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A produce clerk replenishes shelves at the Laird Sobeys at Leaside, on Nov. 26, 2020.

Fred Lum/The Globe and Mail

As the COVID-19 pandemic continues to affect Canadians’ food-buying habits, Sobeys owner Empire Co. Ltd. Empire Co. Ltd. is planning to accelerate the expansion of its e-commerce business.

The Stellarton, N.S.-based retailer announced on Thursday that it will move up construction of a third order-fulfilment centre in Calgary for its online grocery service Voilà. The company launched the service in the Greater Toronto Area this past summer, with plans to launch Voilà under its IGA banner in Quebec and in Ottawa in early 2022. Now, Empire says that it will launch online ordering for store pick-up under the Voilà brand in Alberta next year, and will launch home delivery from the new fulfilment centre in 2023.

Empire had already planned to build four fulfilment centres for the Voilà service across Canada, but is speeding up the expansion to Alberta as demand for online grocery shopping has swelled during the pandemic.

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Before launching Voilà, Empire already had e-commerce services in Quebec and B.C. through its IGA and Thrifty Foods banners. The newer service, through a partnership with British online grocer Ocado Group PLC, operates out of vast warehouses that use robotic technology to fill orders to be packed and shipped to customers’ homes. Empire’s e-commerce sales more than tripled in its second quarter, growing 241 per cent.

Empire chief executive officer Michael Medline touted the high customer satisfaction rates for the new e-commerce service on Thursday, taking a shot at online grocery competitors. Voilà is winning customers over “because people do not have access to a reliable service that treats the customer with respect,” he said.

“We are giving Canadians an e-commerce solution they can trust, will show up when expected, and will deliver the products they ordered,” Mr. Medline said.

On Thursday, Empire reported sales of nearly $7-billion in the 13 weeks ended Oct. 31, up 8.4 per cent compared with the same period last year. All of Canada’s largest grocers have seen sales gains this year as people stayed home to curb the spread of COVID-19, and cooked for themselves more often. While people are shopping less often, they stock up on more items during each trip. Empire said that its grocery stores also gained market share in the second quarter.

Empire reported that same-store sales – an important metric that tracks sales growth not affected by new store openings – rose 8.7 per cent in the second quarter, not including fuel sales at its gas stations.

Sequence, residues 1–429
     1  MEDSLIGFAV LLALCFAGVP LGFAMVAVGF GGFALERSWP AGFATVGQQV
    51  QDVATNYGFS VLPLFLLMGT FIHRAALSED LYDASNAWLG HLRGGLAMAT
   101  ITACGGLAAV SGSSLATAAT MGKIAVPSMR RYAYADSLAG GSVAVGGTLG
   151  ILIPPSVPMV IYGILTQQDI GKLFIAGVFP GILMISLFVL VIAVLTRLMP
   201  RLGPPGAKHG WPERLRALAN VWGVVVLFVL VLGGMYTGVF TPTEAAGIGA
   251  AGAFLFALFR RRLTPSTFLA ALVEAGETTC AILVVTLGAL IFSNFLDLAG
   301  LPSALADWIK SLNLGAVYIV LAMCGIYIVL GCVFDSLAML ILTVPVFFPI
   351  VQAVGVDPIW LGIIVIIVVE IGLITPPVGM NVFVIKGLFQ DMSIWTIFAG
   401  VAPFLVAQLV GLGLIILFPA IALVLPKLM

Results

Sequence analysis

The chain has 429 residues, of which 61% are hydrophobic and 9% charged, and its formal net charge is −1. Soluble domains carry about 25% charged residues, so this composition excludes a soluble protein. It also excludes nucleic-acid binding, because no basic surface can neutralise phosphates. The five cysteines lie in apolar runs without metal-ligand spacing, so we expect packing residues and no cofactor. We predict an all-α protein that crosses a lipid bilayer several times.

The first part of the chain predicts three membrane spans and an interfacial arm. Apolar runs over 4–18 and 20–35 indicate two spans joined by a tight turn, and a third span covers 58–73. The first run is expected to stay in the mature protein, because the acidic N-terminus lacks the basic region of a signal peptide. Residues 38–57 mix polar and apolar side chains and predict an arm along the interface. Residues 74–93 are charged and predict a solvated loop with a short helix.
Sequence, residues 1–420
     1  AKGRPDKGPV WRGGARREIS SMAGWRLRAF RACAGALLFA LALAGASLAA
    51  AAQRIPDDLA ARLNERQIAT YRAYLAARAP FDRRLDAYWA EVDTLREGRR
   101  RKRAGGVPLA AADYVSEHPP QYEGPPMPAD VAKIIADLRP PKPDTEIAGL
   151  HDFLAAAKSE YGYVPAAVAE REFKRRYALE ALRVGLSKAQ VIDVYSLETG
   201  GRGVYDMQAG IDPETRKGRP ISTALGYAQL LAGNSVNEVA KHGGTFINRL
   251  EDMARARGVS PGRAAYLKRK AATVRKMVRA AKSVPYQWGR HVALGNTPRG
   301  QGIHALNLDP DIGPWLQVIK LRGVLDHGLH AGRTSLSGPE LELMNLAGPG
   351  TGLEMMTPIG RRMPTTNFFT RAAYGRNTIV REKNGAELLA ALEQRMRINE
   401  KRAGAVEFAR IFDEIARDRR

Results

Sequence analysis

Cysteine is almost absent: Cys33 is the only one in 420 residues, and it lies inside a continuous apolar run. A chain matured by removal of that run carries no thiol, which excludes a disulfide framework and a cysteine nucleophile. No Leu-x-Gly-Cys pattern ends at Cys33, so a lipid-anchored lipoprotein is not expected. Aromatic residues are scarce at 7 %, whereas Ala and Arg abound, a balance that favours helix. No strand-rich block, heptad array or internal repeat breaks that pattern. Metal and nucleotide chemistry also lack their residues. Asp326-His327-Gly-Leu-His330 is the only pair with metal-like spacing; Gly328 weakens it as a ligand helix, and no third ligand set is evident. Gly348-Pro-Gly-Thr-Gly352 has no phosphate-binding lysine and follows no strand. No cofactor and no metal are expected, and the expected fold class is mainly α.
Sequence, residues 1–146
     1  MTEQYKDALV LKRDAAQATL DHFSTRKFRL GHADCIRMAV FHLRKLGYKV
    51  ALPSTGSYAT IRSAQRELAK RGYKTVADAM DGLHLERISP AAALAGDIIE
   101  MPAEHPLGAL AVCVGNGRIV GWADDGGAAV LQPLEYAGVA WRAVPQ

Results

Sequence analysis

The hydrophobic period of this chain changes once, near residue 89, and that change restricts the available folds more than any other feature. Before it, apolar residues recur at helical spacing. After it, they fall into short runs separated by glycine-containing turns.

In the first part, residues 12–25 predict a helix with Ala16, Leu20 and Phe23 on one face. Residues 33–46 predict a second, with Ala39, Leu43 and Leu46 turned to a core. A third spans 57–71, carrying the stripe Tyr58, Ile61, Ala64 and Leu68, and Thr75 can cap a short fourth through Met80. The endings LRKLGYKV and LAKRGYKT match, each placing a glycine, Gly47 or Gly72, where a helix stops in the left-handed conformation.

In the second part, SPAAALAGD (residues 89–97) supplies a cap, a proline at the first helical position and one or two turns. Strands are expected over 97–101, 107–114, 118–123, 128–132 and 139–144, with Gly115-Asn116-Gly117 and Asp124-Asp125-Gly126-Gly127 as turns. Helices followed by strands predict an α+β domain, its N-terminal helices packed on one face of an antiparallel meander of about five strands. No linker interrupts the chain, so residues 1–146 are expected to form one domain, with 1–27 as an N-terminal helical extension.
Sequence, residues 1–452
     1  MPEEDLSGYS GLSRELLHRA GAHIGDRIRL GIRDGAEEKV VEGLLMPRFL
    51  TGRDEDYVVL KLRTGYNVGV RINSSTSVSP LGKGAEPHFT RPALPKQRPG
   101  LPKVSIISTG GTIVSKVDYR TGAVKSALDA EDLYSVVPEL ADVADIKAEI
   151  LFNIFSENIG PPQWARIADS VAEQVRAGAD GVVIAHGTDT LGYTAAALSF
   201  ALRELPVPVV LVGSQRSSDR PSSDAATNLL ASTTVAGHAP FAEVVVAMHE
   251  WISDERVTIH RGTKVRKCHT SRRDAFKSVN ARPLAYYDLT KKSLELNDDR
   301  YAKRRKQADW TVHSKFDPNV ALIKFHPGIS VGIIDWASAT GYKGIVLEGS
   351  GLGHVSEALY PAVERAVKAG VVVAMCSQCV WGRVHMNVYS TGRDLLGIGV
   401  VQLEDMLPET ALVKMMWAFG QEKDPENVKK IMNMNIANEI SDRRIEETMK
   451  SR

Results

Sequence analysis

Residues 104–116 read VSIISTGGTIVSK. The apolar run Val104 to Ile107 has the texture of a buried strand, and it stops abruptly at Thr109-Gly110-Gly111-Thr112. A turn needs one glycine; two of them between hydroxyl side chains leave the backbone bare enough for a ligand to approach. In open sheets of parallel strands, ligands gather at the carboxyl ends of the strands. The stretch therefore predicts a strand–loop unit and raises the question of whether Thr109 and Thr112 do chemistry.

Empire is preparing for a winter during which safety measures related to COVID-19 will continue, including limits on the number of shoppers in stores. The company is planning to install outdoor heaters and shelters at some locations to make customers more comfortable while they wait in lineups. It is also working on ways for shoppers to register in a “virtual queue” so that they can wait in the warmth of their cars until it is their turn to enter a store. Competitor Metro Inc. also signaled in its earnings call last month that it was preparing for outdoor lineups and may need to build shelters.

The company is trying to gain further market share from competitors by improving the productivity of its stores, expanding e-commerce, increasing sales of private label products such as those under its revamped Compliments brand, by opening more Farm Boy stores in Ontario, and by continuing to expand its discount Freshco banner in Western Canada. The company has 255 Safeway and Sobeys locations in the West, about one-quarter of which will be converted to Freshco.

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The company reported $14-million in pandemic-related costs in the quarter ended Oct. 31, and said it expects $15-million to $20-million a quarter in additional costs attributable to COVID-19. Last month, the company announced that it would reinstate temporary pay bonuses for some front-line workers in regions where governments have mandated a new round of pandemic lockdowns, beginning with Manitoba and parts of Ontario. Based on current lockdowns, Empire estimates the bonuses will cost roughly $5-million a quarter.

Grocers across the industry are facing “material cost pressures” on some of the items they sell, such as lettuce and poultry, as farmers and suppliers cope with increased costs and supply chain challenges. “These are real, significant commodity increases which are being felt at the store,” Mr. Medline said. Aside from that, the company is “pushing back on price increases,” he added.

Empire reported second-quarter net earnings of $161.4-million or 60 cents a share, compared with $154.6-million or 57 cents a share in the same quarter last year. Empire’s net earnings from food retailing – which does not include investments and other operations, largely in real estate – rose 27.3 per cent to $162.8-million.

The Yonge Street Mission in Toronto says demand for its food bank and hot meals has risen by 196 per cent during the COVID-19 pandemic, as well as demanding new measures to protect staff and clients from the coronavirus. The Globe and Mail

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